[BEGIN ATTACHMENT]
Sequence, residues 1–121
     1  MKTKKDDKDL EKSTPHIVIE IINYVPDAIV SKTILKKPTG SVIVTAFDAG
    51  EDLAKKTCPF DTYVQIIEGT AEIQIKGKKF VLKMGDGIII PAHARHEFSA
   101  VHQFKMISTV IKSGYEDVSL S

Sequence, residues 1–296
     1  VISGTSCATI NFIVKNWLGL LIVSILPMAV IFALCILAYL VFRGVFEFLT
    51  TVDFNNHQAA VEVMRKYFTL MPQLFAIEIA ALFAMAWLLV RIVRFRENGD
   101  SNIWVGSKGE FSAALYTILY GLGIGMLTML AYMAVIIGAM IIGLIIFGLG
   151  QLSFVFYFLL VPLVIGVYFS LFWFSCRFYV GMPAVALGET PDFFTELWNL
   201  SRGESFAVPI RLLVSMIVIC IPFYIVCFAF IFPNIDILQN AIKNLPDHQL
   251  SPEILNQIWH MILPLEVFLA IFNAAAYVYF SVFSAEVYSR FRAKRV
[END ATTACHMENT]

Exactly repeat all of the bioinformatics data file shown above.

Sequence, residues 1–121
     1  MKTKKDDKDL EKSTPHIVIE IINYVPDAIV SKTILKKPTG SVIVTAFDAG
    51  EDLAKKTCPF DTYVQIIEGT AEIQIKGKKF VLKMGDGIII PAHARHEFSA
   101  VHQFKMISTV IKSGYEDVSL S

Sequence, residues 1–296
     1  VISGTSCATI NFIVKNWLGL LIVSILPMAV IFALCILAYL VFRGVFEFLT
    51  TVDFNNHQAA VEVMRKYFTL MPQLFAIEIA ALFAMAWLLV RIVRFRENGD
   101  SNIWVGSKGE FSAALYTILY GLGIGMLTML AYMAVIIGAM IIGLIIFGLG
   151  QLSFVFYFLL VPLVIGVYFS LFWFSCRFYV GMPAVALGET PDFFTELWNL
   201  SRGESFAVPI RLLVSMIVIC IPFYIVCFAF IFPNIDILQN AIKNLPDHQL
   251  SPEILNQIWH MILPLEVFLA IFNAAAYVYF SVFSAEVYSR FRAKRV